By Archibald D. Hart
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Focus on the Family
Most people associate depression with a feeling of gloom or sadness, but there are greater symptoms to keep in mind.

What most people associate with depression is a feeling of gloom or sadness, but there is a much more important set of symptoms to keep in mind: depression is usually accompanied by a “slowing down” of the body. A profound lethargy or fatigue is probably a more important signal that you have succumbed to depression than whether or not you feel profoundly sad. The more pronounced the fatigue, the more serious is your depression.

What are the more common symptoms of a major depression? Usually, it is diagnosed when at least five of the following symptoms are present during the same time period, with at least one of the first two symptoms present. In addition, the symptoms must be present most of the day, nearly daily, for at least two weeks:

  • Depressed mood
  • A marked diminished interest or pleasure in almost all activities
  • Significant weight loss/gain
  • Insomnia or hypersomnia (over-sleeping)
  • Agitation or retardation of thinking, memory, etc.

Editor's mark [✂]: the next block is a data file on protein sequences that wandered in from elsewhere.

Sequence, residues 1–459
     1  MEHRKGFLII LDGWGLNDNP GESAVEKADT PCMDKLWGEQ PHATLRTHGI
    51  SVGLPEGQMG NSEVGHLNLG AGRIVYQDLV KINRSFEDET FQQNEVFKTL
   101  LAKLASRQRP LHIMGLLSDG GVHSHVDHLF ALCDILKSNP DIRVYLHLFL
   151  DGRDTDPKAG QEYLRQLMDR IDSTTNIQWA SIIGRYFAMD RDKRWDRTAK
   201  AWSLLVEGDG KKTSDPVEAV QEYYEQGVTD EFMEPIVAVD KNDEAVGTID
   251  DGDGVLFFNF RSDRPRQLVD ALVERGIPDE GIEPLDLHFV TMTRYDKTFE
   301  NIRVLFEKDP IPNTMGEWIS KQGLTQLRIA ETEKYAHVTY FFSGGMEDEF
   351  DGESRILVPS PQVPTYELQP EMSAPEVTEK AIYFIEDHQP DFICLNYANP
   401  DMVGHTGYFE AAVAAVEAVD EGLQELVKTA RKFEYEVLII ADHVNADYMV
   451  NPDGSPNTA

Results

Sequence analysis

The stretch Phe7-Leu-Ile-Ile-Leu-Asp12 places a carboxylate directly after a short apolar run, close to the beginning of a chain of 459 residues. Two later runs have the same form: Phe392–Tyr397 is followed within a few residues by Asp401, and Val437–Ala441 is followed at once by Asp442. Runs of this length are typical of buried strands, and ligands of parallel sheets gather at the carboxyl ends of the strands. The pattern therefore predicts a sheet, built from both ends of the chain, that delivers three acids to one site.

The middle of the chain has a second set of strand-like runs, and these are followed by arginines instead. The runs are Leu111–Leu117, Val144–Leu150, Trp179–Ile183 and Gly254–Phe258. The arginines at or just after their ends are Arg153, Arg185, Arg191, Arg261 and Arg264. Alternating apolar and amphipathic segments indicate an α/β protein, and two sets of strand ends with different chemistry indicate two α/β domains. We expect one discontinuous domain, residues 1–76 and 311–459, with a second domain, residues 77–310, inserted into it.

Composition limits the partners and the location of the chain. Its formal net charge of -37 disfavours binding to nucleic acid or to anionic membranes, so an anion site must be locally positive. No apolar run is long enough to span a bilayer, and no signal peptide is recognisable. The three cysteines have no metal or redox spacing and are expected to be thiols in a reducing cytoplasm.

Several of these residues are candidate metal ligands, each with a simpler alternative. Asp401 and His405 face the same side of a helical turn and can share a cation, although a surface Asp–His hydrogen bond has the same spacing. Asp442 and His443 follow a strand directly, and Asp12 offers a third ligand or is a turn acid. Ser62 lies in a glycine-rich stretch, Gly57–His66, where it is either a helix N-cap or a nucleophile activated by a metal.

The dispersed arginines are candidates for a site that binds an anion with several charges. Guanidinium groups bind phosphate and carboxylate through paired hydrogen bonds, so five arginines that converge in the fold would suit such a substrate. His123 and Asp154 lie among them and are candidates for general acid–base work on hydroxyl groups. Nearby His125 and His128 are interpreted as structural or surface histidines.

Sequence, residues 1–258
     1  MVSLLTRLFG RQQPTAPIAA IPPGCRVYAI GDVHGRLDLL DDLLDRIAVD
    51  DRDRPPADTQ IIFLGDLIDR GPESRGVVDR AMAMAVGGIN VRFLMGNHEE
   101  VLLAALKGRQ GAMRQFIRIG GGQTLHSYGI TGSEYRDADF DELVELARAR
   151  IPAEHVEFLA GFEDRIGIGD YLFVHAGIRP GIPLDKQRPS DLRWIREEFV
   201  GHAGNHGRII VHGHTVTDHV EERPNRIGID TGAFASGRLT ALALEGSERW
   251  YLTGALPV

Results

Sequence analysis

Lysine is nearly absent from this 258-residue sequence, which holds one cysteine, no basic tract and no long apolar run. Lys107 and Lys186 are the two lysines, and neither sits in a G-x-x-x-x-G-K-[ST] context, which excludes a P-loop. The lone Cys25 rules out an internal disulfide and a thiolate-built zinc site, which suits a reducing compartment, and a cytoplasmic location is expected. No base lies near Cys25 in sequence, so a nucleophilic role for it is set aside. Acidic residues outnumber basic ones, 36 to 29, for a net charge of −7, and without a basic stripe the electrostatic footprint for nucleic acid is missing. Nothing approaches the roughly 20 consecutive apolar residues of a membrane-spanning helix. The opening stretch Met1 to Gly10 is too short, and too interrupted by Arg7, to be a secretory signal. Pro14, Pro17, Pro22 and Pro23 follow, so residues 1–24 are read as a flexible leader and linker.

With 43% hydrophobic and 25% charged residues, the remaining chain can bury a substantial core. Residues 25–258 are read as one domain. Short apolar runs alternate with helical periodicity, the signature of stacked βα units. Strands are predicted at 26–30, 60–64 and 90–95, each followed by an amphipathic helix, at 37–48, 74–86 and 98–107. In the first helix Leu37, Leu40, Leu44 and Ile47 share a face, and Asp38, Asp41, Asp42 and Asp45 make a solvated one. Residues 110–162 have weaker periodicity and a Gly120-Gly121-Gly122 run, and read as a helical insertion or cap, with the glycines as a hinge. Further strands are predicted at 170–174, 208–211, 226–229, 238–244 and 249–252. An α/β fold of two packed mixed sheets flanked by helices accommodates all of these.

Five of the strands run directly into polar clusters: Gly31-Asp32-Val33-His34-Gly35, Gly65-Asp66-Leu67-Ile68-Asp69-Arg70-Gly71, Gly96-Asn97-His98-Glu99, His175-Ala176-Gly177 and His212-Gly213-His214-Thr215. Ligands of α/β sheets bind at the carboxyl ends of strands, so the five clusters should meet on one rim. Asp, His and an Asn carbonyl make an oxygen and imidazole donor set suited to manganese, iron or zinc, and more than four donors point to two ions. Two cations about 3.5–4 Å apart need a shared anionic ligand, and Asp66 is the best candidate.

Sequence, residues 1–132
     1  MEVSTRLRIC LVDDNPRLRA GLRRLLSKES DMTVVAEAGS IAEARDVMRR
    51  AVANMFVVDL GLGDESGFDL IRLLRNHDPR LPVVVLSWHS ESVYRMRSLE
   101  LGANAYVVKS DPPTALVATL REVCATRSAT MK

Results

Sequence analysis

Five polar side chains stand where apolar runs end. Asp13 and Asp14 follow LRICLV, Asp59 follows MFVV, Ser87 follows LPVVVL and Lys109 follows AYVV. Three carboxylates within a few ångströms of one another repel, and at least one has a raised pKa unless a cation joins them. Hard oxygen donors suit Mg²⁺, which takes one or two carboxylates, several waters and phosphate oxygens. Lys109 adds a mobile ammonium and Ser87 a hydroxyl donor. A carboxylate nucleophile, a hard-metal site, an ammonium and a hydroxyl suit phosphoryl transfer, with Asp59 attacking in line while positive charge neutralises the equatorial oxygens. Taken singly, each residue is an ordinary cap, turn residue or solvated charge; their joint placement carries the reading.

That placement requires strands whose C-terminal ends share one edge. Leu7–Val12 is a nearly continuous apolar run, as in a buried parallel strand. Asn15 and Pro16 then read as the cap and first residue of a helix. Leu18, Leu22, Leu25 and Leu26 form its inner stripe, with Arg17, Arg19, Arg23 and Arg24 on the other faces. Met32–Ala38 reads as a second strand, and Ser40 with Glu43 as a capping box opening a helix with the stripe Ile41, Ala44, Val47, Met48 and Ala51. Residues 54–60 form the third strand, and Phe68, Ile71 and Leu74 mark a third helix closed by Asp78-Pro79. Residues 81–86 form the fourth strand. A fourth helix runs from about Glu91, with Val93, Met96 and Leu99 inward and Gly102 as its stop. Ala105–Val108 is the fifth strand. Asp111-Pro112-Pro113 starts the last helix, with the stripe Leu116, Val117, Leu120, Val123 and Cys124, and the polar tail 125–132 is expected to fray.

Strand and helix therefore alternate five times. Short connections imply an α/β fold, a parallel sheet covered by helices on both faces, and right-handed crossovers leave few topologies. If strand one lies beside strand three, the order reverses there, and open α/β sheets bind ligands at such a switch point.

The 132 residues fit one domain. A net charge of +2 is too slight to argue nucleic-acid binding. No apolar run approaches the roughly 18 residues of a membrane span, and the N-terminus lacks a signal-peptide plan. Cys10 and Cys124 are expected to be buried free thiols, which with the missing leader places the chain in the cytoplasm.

• Fatigue or loss of energy
  • Impaired concentration and indecisiveness, or
  • Recurring thoughts of death or suicide

Reactive depressions can have some or all of the above, but they are usually not as debilitating. Most people with reactive depression can continue their normal work and home duties. With the more serious endogenous depressions, people can become totally incapable of fulfilling normal life responsibilities.

Primary care physicians need to be alert for the signs of depression. Studies have shown that 6 to 8 percent of all outpatients in primary care settings have major depressive disorder. Often, their physical complaints are a mask for the depression.

Physical complaints that mask depression

If you find yourself experiencing any of the following, you may want to ask whether you are depressed:

  • Pain — including headaches, body aches and abdominal pain
  • Low energy and excessive tiredness (including claims of being “chronically fatigued”)
  • Reduced capacity for pleasure or enjoyment
  • Moods such as apathy, irritability, anxiety or sadness
  • Sexual complaints or problems with sexual functioning or desire

Lesser forms of depression may produce some or many of these symptoms or the symptoms may not be as persistent. Discuss this with your doctor to see if you are possibly suffering from a “low grade” form of depression.

Originally appeared on Copyright © 1999 Focus on the Family. All rights reserved.

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About the Author

Archibald D. Hart

Author of more than thirty books, Dr. Archibald Hart is the senior professor of psychology and dean emeritus of the School of Psychology at Fuller Theological Seminary. He is well known for his ministry to churches through psychological training, education, and consultation. Dr. Hart and his wife, Kathleen, live in California.

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